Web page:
3 tenets of ATM availability in the connected economy
by Rick Marquardt, Executive VP, Services, Enterprise Quality and Telecom & Technology, NCR Corp.
In today's connected economy, consumers are in the driver's seat. They are digitally empowered, thriving on instant gratification and frequent rewards. Whether it's banking, shopping, eating or traveling, they want to interact across channels on their own terms.
And they don't like roadblocks.
The expectation of an always-on, omnipresent business model is now a given. Analyst Daniel Newman explains why customer experience matters: "More than half of customers today say they've switched companies solely because of poor user experiences. Companies who fail to embrace CX as strategic path to growth won't just be lagging, they'll get left behind."
However, a key challenge to customer experience is that you can't deliver 24/7 availability without regard to cost. Likewise, devices at the edge of the enterprise — like kiosks and ATMs — are valuable revenue generators and need to be working (available) to produce.
From a business perspective, producing optimal customer experience, at an acceptable cost and while maximizing revenue, requires a three-pronged approach. The three tenets of availability in the connected economy go right to the bottom line:
- Customer experience. Does the machine work properly? Does it have the functionality that consumers want? Is it easy to use or to get help, if needed?
- Efficiency. What does it cost to deliver the best experience to the customer? Are you able to schedule maintenance and repairs for off-peak use?
- Revenue. Are you generating additional revenue by servicing more customers? Are you able to engage employees in higher value transactions? Do the devices help cross-sell and upsell?
In the wake of the next era of the omnichannel consumer, these and other questions are moving "availability" from an operational KPI to a strategic initiative. It's clear that to keep consumers loyal and to remain competitive, companies must understand how availability plays a role in creating a reliable, differentiated, and satisfying consumer experience in the omnichannel era.
The role of big data in availability
An ATM or POS terminal that is not in service is easily recognized and fixed. Yet there is a fallacy in the idea that "working" translates to a satisfied customer and a successful consumer interaction: Research shows a 98 percent availability rate for ATMs does not necessarily mirror the rate of customer transactions completed.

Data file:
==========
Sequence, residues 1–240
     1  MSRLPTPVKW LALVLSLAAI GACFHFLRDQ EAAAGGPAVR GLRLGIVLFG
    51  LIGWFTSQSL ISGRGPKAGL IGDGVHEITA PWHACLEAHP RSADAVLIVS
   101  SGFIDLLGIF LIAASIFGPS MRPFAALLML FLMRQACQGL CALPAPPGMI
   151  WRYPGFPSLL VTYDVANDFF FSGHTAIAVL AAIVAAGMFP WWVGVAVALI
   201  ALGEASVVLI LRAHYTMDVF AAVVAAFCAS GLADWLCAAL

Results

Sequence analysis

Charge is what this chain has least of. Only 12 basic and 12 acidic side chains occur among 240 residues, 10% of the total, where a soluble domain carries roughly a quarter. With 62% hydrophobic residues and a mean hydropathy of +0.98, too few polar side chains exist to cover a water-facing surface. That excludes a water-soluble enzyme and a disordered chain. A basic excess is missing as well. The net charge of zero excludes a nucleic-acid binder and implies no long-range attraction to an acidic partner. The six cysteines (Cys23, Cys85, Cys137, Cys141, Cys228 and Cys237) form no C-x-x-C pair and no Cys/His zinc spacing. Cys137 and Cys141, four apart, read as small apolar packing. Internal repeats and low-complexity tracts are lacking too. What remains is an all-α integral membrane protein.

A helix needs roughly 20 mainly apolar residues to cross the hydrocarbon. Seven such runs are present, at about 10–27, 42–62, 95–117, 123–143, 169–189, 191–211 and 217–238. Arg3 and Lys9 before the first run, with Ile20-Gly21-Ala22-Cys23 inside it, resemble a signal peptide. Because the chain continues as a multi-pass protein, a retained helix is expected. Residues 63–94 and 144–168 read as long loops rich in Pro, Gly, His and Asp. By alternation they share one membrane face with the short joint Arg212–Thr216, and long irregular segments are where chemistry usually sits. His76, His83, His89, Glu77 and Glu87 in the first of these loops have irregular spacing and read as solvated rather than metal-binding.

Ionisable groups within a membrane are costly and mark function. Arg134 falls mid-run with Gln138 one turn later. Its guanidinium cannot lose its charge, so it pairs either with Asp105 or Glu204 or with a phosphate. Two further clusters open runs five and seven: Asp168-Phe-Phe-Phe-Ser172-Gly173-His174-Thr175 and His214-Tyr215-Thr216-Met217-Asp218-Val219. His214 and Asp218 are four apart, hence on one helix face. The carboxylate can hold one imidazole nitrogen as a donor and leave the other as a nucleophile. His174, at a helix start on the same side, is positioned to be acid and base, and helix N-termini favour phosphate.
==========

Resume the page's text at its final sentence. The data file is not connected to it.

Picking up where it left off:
So what other "availability" factors can affect customer experience?
During high traffic times, the speed of the transaction could be an important aspect of availability, for example. Or in areas without easy access to a branch, deposit capabilities or video chat with a teller are ways consumers might measure availability.
The scenario is not just for ATMs, but for any of the converged online, mobile and in-store channels where consumers are interacting with businesses and on any device. Yes, the Internet of Things.
With IoT, each connected end-point device is like a nerve ending in a vast nervous system. It used to be that the best way to gauge the performance of end points was to monitor uptime and downtime, in a similar way that a physician would check vital signs.
Today, the collection and analysis of data from devices and transactions allows for a more holistic view of the customer experience. Every transaction tells a story about how devices and the network are performing, and more importantly, what the customer has actually experienced.
Given increasing demands of the consumer, now is the time to up the game and measure against the impact of such metrics as failed customer interactions, lost revenue, transaction slowdowns, machine utilization rates, average queuing times, etc., rather than a binary perspective of working versus not working.
This is where big data analytics is headed.
Predictive patterns that foreshadow when a machine is going to fail or degrade in performance is just the beginning. Bringing together varying data types to deliver more sophisticated insights is the next level. What does this look like? It means intertwining variables like location and environmental conditions that allow data scientists to discern usage and serviceability patterns, or even understanding how guiding customers through transactions using certain prompts or paths can increase purchases or decrease transaction time.
Beyond that, applying advanced analytics to millions of data points (or connected devices across the world), will give enterprises the ability to provide benchmarking reports or rich comparative research that can be applied to entire industries.
Today, financial institutions and retailers have access to a wealth of information about their daily operations and customer activity which, used in the right way, could lead to new efficiencies not only in demand forecasting and cash management, but in other exciting CX areas yet to be determined.
Rick Marquardt is executive vice president of services, enterprise quality, and telecom and technology at NCR Corp. He is leading the services transformation strategic initiative at NCR, helping customers respond to disruptive changes presented by the connected economy, including globalization, digitization, consumerism and technology.
Companies: NCR Corporation